Lung Cancer Dispatch
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Prevalence of New Genetic Driver in Lung Cancer Shown in Study

Prevalence of New Genetic Driver in Lung Cancer Shown in Study | Lung Cancer Dispatch | Scoop.it

"A line has been drawn from mutation of the gene NTRK1, to its role as an oncogene in non-small cell lung cancer, to treatment that targets this mutation. 'Everything we know about lung cancer points to the idea that when we find one of these genetic drivers and can target it with a drug, patients will respond and tend to have a good amount of time on drug before it becomes ineffective. Obviously we can't guarantee the effectiveness of targeting the NTRK1 mutation at this point, but everything we know about these kinds of genes makes us extremely hopeful,' says one researcher."


Editor's note: A new targeted therapy treatment may be on the horizon for some lung cancer patients. Targeted therapies work by targeting specific molecules inside cancer cells. Often, these molecules are proteins that are mutated and cause cancer cells to multiply rapidly, contributing to tumor growth. There are several mutated proteins commonly found in non-small cell lung cancer (NSCLC) tumors. For a given patient, these can be detected by molecular testing, and based on the results, doctors can prescribe certain targeted therapy drugs. A newly discovered mutation called NTRK1 is being explored as a potential target for a new targeted therapy. To test the new drug, called LOXO-101, scientists have started a new clinical trial and are enrolling patients whose tumors have NTRK1 mutations.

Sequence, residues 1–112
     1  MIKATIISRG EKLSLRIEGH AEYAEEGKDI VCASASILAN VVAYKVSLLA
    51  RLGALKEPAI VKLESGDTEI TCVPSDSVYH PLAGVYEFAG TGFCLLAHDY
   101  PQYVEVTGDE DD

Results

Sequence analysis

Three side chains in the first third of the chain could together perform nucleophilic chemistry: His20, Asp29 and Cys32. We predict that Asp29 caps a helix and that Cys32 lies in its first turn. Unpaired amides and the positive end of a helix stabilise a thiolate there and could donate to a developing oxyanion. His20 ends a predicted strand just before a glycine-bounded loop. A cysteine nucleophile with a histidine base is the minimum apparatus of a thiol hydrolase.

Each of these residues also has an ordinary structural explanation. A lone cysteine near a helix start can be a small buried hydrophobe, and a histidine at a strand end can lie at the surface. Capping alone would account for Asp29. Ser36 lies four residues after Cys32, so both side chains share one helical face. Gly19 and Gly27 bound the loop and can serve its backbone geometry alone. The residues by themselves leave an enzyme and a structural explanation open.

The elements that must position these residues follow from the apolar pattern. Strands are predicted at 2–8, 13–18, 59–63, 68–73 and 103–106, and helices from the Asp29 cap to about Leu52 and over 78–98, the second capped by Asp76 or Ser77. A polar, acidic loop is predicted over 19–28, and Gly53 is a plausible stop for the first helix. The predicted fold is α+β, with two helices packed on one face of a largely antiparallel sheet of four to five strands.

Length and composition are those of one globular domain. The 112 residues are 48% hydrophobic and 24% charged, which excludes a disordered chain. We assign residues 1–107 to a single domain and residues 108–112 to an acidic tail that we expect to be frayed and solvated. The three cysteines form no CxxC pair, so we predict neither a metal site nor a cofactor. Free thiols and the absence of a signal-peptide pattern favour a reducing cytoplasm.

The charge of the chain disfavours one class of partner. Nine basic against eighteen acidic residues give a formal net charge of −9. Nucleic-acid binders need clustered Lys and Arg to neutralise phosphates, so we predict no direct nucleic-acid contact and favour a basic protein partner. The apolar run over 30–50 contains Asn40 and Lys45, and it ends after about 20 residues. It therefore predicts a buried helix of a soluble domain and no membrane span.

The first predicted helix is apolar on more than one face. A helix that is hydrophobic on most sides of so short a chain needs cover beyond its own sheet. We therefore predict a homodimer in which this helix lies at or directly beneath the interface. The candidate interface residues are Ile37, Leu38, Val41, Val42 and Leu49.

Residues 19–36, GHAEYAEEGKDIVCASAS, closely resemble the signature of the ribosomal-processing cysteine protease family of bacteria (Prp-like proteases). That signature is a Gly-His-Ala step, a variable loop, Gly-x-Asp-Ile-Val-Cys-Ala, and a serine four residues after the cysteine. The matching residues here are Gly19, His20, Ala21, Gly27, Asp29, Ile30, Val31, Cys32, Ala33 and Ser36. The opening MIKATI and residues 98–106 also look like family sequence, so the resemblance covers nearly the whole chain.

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ScienceDaily  |  May 31, 2014

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Genetic Mutation May Offer New Treatment Target for Some Lung Cancers

Genetic Mutation May Offer New Treatment Target for Some Lung Cancers | Lung Cancer Dispatch | Scoop.it

DNA analyses of lung adenocarcinomas, a type of non-small cell lung cancer (NSCLC), found that some tumors contain a kind of mutation called a gene fusion in a gene called NTRK1. The mutation consists of NTRK1, which is involved in cell growth, merging with a different gene. As a result, the gene’s product, a protein called TRKA, is continuously 'switched on,' independent of the signals that normally activate it. Treating cell cultures of lung cancer cells containing the NTRK1 gene fusion with TRKA inhibitors suppressed their growth. Patients with gene fusions in another gene, ALK, experience tumor shrinkage in response to treatment with the ALK inhibitor crizotinib (Xalkori). Similarly, TRKA inhibitors may act as targeted therapies for lung adenocarcinoma patients with NTRK1 mutations.

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ScienceDaily | Oct 27, 2013

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